This report summarizes SIGAR’s oversight work and updates developments in the five major areas of reconstruction efforts in Afghanistan from July 1 to September 30, 2019. It includes an essay highlighting the findings in SIGAR’s recently released Lessons Learned Program report, Reintegration of Ex-Combatants: Lessons from the U.S. Experience in Afghanistan. This reporting period, SIGAR issued 14 audits, inspections, reviews, and other products assessing U.S. efforts to build the Afghan security forces, improve governance, facilitate economic and social development, and combat the production and sale of narcotics. During the reporting period, SIGAR criminal investigations produced six sentencings, two indictments, one criminal information, 120 months’ prison time, 240 months’ supervised probation, and a combined total of $18.1 million in criminal forfeitures and restitutions.
AUDITS AND INSPECTIONS
This quarter, SIGAR issued two performance audits, six financial audits, and three inspection reports.
The performance audit reports examined:
• the effectiveness of USAID’s implementation and oversight of the $861.7 million Power Transmission Expansion and Connectivity (PTEC) project from August 2011 through March 2019
• the impact of the more than $90 million spent by the U.S. Army Corps of Engineers (USACE) on a personalservices contract with Versar Inc. to hire Afghan engineers and specialists to help oversee construction projects.
The six financial audit reports identified $498,840 in questioned costs as a result of internal-control deficiencies and noncompliance issues.
The inspection reports found:
• construction deficiencies, contractor noncompliance, and poor oversight at the $39.5 million Pul-e Alam power substation in the North East Power System, including increased safety risks to residents living near transmission lines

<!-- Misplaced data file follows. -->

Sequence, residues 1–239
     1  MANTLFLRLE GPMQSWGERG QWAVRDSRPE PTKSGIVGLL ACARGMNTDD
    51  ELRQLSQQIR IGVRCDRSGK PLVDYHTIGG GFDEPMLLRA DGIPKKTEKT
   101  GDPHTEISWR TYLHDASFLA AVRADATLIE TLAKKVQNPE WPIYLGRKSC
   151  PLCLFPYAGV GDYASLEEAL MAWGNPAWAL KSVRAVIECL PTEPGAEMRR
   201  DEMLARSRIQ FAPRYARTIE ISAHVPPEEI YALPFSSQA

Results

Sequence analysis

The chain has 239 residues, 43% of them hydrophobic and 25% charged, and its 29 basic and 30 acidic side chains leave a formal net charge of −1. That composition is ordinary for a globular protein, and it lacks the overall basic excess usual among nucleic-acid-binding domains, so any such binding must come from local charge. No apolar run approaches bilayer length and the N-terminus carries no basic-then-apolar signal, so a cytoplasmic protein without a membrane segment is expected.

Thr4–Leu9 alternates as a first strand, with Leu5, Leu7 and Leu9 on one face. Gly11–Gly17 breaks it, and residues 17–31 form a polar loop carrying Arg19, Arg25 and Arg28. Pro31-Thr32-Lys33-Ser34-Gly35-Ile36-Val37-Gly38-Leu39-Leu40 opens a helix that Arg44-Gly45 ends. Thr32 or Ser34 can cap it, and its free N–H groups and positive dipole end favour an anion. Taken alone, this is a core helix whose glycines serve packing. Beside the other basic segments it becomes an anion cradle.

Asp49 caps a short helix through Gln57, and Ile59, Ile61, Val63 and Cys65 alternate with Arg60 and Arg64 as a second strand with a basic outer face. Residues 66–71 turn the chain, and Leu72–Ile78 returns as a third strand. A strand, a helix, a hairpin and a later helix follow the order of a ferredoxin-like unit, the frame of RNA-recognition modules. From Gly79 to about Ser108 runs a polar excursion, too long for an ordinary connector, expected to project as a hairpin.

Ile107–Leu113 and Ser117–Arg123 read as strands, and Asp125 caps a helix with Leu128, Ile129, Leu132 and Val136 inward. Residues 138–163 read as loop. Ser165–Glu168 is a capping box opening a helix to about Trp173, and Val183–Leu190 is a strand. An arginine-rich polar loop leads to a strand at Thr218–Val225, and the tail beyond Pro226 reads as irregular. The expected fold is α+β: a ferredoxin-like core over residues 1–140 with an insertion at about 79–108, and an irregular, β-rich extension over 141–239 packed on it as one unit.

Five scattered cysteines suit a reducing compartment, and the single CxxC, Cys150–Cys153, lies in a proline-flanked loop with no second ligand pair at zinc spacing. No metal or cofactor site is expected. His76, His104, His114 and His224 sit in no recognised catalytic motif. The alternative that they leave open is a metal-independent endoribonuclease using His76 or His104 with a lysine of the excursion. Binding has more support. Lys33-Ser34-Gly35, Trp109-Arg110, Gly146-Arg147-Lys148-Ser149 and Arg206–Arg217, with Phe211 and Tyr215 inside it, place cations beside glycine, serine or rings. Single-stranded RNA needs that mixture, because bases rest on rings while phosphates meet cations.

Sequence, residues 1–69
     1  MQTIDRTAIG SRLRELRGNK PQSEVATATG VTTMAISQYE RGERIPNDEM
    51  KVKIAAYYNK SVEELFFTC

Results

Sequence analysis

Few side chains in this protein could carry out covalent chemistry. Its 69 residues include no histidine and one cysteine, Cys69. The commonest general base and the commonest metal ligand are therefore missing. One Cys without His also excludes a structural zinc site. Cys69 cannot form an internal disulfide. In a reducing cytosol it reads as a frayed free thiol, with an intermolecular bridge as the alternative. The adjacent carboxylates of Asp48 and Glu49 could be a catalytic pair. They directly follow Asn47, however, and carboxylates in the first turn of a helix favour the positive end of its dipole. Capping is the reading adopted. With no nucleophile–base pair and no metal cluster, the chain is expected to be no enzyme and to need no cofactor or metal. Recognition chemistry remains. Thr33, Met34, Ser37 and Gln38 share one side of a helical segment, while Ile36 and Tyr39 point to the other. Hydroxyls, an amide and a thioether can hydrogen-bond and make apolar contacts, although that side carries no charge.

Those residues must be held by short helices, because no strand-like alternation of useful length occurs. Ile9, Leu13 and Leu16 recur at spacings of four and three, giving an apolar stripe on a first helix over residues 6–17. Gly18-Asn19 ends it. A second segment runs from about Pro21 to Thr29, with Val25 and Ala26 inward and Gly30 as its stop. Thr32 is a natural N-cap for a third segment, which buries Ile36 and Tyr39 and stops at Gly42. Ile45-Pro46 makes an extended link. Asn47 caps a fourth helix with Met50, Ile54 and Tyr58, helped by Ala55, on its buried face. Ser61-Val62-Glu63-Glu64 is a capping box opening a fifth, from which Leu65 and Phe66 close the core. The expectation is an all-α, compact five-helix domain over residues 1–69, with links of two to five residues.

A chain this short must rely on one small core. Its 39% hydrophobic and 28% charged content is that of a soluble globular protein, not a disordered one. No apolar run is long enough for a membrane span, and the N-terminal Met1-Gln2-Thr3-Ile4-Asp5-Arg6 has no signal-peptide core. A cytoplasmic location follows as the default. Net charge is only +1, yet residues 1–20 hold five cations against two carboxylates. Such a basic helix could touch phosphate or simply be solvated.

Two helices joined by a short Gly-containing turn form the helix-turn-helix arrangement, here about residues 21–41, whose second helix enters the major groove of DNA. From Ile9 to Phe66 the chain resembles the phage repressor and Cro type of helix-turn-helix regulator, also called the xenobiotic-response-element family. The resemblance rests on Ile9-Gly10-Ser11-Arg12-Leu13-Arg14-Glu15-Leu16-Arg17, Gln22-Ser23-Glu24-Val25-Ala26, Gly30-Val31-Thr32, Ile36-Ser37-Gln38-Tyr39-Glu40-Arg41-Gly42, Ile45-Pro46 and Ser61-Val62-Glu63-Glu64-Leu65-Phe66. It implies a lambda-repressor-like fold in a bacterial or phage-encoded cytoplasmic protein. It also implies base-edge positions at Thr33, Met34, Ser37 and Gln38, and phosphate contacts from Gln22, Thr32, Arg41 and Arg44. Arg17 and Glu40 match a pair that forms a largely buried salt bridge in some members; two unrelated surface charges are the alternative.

• safety hazards and maintenance issues at the Afghan National Army Garrison at South Kabul International Airport, including elevated manholes that could damage vehicles driving over them
• five construction deficiencies posing safety hazards to motorists, pedestrians, and cyclists on the Ghulam Khan road project.
This quarter, SIGAR’s Office of Special Projects issued an inquiry letter concerning equipment acquisitions, in addition to two reviews concerning:
• textbooks and materials distributed to primary schools through USAID’s Afghan Children Read (ACR) program
• observations from SIGAR site visits to 171 USAID-funded Afghan schools across 10 provinces
SIGAR’s Lessons Learned Program released its seventh lessons-learned report, Reintegration of Ex-Combatants: Lessons from the U.S. Experience in Afghanistan. The report examines and assesses the five main post-2001 reintegration efforts in Afghanistan. It also examines several past local security agreements for efforts on reintegration. The report found that none of the reintegration programs enabled any significant number of ex-combatants to socially and economically rejoin civil society. Programs targeting Taliban insurgents did not substantially weaken the insurgency or contribute meaningfully to parallel reconciliation efforts.
The Lessons Learned Program has four projects in development: U.S. government support to elections; monitoring and evaluation of reconstruction contracting; advancing and empowering women and girls; and police and corrections.
During the reporting period, SIGAR investigations resulted in six sentencings, 120 months’ prison time, 240 months’ supervised probation, and a combined total of $18.1 million in criminal forfeitures and restitutions. In addition, one criminal information and two indictments were obtained. SIGAR initiated nine new cases and closed 17, bringing the total number of ongoing investigations to 158. SIGAR’s suspension and debarment program referred two individuals for suspension or debarment based on evidence from investigations conducted by SIGAR in Afghanistan and the United States.
Investigations highlights include:
• The former owner of a now-defunct marble mining company in Afghanistan, Adam Doost, was sentenced to 54 months’ imprisonment, 36 months’ supervised probation, and 250 hours’ community service. He was further ordered to forfeit $8,940,742 and pay $8,940,742 in restitution. Doost was found guilty in September 2018 for his role in defrauding the Overseas Private Investment Corporation (OPIC) and defaulting on a $15.8 million loan from OPIC.
• A former U.S. Army Special Forces member, Joseph Russell Graff, was sentenced to 52 months’ imprisonment and three years’ supervised probation, in addition to $150,000 forfeiture from the proceeds of the sale of a house he purchased with questionable funds. Graff smuggled illegally obtained weapons from Afghanistan during his 2012–2013 military deployment, and smuggled an additional estimated $350,000 in illegal proceeds.
• A former CEO of two U.S. government contractors, James O’Brien, was sentenced to six months’ imprisonment, four months’ home confinement, and three years’ supervised release. O’Brien pleaded guilty in June 2019 for making false statements that increased his companies’ competitiveness.